UPDATED October 25th, 2019 — this is a dispatch from my cycle tour of Ukraine and surroundings this past Summer with my partner Nastia, an open project on an Autumn/Winter hiatus — check out the project page more information, and sign up for my newsletter if you would like to be notified when it resumes 🙂
As you read this, i’m officially back on the road — and one day earlier than my latest projected departure! I’m nailing this :p
Nastia is starting tomorrow — hitchhiking — we’ll meet in Poland in a couple of days to pick up her bicycle, strap her backpack onto it, then head back to Ukraine to get the rest of our luggage and begin our exploration of the country. The working title i’m giving to this project is the intentionally mistaken translation of “у країні” (meaning, in the country), a play on words with “Україна” (Ukraine) — unfortunately, declensions in English and Ukrainian don’t quite map into each other, so i had to take some liberty 😉 (UPDATED October 12th, 2019 — as i traveled through “the country” and experienced a few of its multitudes, trials, and uncertainties, i decided to relax the definite article, settling on “In a Countrie” for the eventual project title, and leaving this post otherwise unchanged for “historical” reasons)
I have much to thank Nastia for the push to leave today — “Go” — “It’s OK, i can leave tomorrow and help you a bit more” — “Go — you wanted this so much, and now you’re ready — i’ll have plenty of time to catch up with you, i’m hitchhiking.”
It’s fitting that our journey together will start like this, and i’m curious about this little experiment — i anticipate some anxiety about whether she found a ride already — is she safe? — has she managed to cross the border? — has she even left home or is she still looking for a place to dump our last bucket of organic waste — and somebody interested in adopting the homeless container?
I believe Nastia will also be nervous — “has he been hit by a truck? — is he eating well? — is he paralyzed endlessly re-editing this newsletter at a gas station along his way?”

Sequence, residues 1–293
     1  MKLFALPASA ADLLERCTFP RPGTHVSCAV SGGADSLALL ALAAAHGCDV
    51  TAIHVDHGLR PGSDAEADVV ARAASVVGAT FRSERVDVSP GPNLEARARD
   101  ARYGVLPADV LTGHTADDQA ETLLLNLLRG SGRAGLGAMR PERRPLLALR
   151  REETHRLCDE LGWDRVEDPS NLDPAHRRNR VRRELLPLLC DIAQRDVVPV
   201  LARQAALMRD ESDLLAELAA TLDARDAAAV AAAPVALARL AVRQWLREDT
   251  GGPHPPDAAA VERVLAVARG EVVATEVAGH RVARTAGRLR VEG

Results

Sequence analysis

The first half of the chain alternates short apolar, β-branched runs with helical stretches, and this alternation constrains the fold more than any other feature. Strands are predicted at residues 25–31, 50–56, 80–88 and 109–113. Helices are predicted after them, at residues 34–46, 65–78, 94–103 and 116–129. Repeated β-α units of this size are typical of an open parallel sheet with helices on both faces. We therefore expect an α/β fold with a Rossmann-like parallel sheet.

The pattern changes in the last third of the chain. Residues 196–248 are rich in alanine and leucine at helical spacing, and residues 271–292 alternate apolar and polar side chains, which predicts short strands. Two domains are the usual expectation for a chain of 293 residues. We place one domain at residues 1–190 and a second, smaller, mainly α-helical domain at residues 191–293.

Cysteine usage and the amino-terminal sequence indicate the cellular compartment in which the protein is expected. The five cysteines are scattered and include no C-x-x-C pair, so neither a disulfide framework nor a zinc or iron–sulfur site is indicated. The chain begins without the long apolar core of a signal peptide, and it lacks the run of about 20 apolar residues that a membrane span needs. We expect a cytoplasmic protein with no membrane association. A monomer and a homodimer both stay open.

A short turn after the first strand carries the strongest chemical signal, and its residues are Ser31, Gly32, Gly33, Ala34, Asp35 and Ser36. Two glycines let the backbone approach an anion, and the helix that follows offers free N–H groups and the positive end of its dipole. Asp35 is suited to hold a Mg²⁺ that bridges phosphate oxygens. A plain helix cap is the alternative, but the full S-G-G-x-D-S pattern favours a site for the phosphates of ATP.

I’m indeed overthinking, but not at a gas station — i’m at Liubomyr and Anastasiia’s, in Drohobych!
Liubomyr was riding in the opposite direction — recreationally — “I’m retired,” he later told me. We waved at each other. This always puts a smile on my face — in Ukraine, roads are still monopolized by motorized vehicles, and i believe cyclists of any appetite are some of the few to notice each other.
While i rode the next 10km, Liubomyr rode the 30 between where we met, his turning point, and where he eventually caught back up with me. (Sorry, i should have mentioned at the beginning that you might want to have a pen and paper handy for this one.)
I was at first disquieted by the little space between him and the edge of the road. That being my first day back on the road, my cycle touring rig and i were not yet one — it will probably take a couple of riding/sleeping cycles before i’ve once again internalized the classical mechanics and fluid dynamics of a heavily — and somewhat unevenly — loaded bicycle.
It didn’t take much for that to develop into my present circumstances. I managed to explain i needed a bit more space, and a conversation started. “What’s your goal for today?” — “Somewhere between Drohobych and Sambir — i’ll look for a place to pitch my tent by the river” — “Do you have friends there?” — “No” — “It’s going to rain” — “How much time do you think i have before it comes?” — “Maybe a couple of hours?”
Should i ask this guy if i could spend the night at his place? I’m going to ask him if i can spend the night at his place. “Can i spend the night at your place?” He wasn’t quite expecting that — “Hm, let me think.” It was a longshot — “Sure — it will be better than your tent.”
Anastasiia happens to be a cycling coach. We chatted in fellowship to the limits of my Ukrainian and her English over the meal and beer they offered. I was impressed with Liubomyr’s patience to follow my pace given that he can seemingly ride at least three times faster — when we said goodnight, i learned he’s is planning to ride with me again on my way out tomorrow morning.
I couldn’t think of a more serendipitously privileged way to start a tour than this — even without my partner Nastia, i’m still not alone.
My plan for the next few weeks/months is to share weekly updates from the road on my newsletter — call it delaygram, if you like 😉 I’m not quite sure what shape this will take though. I’ll try to find time to cross post it here on the website as well, so it’s easier for those of you who may want to share it, but the priority will be the newsletter. You’re invited to sign up for it if you would like to follow it more regularly 🙂
Whatever develops, i hope you’ll enjoy it, and feel welcome to share your reaction by commenting below or writing directly to me — i’ll read and eventually respond to all of it, and possibly even incorporate some of that into my process!
It’s bedtime now — have a great week and remember to breathe!
Featured photo: moving out!
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